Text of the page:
Accurate clinical observations are fundamental to competent and safe healthcare practice. The Biological Basis of Clinical Observations gives readers the understanding needed to perform clinical observations accurately, make accurate judgements about the patient’s condition and make accurate decisions concerning patient care.
This useful textbook integrates clear explanations of the techniques involved in making clinical observations, alongside the biological knowledge which gives them meaning. For each topic, it explains the pathological basis for variations in observed results, focusing on relevant anatomy and physiology, genetics and pharmacology, and the basic principles of care. In addition to new chapters on blood tests and pregnancy, the text has been updated throughout. It now incorporates increased coverage of paediatrics, movement and the musculo-skeletal system, the lymphatic system, pregnancy, diabetes, homeostasis and infection, among other areas.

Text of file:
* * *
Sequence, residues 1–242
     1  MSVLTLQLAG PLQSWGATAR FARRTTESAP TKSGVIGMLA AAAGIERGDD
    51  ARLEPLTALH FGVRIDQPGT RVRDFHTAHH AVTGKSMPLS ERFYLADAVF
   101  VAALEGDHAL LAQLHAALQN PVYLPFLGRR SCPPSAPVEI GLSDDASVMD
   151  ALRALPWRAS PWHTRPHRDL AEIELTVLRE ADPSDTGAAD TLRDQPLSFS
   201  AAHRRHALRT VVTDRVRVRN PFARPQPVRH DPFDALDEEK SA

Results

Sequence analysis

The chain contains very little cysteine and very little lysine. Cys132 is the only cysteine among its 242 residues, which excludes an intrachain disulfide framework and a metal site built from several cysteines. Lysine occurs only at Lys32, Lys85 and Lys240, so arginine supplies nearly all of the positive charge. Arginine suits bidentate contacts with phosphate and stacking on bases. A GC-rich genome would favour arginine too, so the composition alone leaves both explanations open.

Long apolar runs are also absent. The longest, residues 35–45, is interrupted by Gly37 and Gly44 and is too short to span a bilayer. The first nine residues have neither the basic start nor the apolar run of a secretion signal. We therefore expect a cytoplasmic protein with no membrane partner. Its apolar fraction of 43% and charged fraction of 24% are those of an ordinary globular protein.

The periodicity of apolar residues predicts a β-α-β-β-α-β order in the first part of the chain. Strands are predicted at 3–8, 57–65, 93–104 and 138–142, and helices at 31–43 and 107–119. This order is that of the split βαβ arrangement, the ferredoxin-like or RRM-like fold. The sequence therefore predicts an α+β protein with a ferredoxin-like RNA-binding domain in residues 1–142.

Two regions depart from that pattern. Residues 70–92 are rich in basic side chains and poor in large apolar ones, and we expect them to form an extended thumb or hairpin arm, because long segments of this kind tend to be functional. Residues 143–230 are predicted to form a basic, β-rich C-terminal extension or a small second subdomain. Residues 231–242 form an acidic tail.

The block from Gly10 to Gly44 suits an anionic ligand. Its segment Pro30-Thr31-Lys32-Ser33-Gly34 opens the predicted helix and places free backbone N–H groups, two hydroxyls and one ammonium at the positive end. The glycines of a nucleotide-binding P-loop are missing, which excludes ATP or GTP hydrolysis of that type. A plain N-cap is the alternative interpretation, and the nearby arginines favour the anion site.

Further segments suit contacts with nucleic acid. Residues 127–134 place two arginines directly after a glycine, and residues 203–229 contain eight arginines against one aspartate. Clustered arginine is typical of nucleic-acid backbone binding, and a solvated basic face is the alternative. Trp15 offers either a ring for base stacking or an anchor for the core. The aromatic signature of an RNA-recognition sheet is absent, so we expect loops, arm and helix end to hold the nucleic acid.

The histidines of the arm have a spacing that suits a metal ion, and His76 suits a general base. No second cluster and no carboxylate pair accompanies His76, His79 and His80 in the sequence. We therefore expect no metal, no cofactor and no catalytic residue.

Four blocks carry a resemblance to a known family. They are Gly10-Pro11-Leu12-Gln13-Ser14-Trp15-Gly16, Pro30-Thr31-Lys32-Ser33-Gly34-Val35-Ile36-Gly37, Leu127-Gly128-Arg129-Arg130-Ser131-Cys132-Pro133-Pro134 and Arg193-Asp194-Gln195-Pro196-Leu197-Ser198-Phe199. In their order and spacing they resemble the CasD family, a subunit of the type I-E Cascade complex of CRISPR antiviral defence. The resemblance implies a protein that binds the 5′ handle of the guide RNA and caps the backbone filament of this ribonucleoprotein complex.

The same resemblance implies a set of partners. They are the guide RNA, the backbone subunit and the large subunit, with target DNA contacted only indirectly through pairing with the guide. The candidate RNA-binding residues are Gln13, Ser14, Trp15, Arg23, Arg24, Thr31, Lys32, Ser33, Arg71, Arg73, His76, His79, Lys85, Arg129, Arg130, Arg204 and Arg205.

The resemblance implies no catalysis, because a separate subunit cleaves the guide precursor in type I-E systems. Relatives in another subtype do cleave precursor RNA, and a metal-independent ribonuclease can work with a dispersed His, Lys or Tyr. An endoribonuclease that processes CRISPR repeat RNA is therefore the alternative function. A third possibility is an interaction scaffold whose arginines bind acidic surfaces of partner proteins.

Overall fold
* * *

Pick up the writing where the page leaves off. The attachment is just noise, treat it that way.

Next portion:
Topics discussed include:
- cardiovascular observations
- respiratory observations
- urinary and bowel observations
- neurological observations
- fluid balance
- drug side effects, interactions and allergies.
The Biological Basis of Clinical Observations is a unique text which integrates explanations of essential procedures with the biological knowledge that underpins practice. It is essential reading for all nursing and health students preparing for clinical practice.
Table of Contents
1. Homeostasis and temperature
2. Cardiovascular observations 1: the pulse and ECG
3. Cardiovascular observations 2: blood pressure
4. Cardiovascular observations 3: blood test results
5. Respiratory observations
6. Fluid balance
8. Elimination 1: Urinary observations
9. Elimination 2: digestive observations
10. Skin observations
11. Neurological observations 1: consciousness
12. Neurological observations 2: pain
13. Neurological observations 3: eyes
14. Movement: nerves, bones and muscles
15. Drug side effects, interactions and allergies
William T. Blows was formerly a lecturer at City University of London, UK where he taught biology to nurses.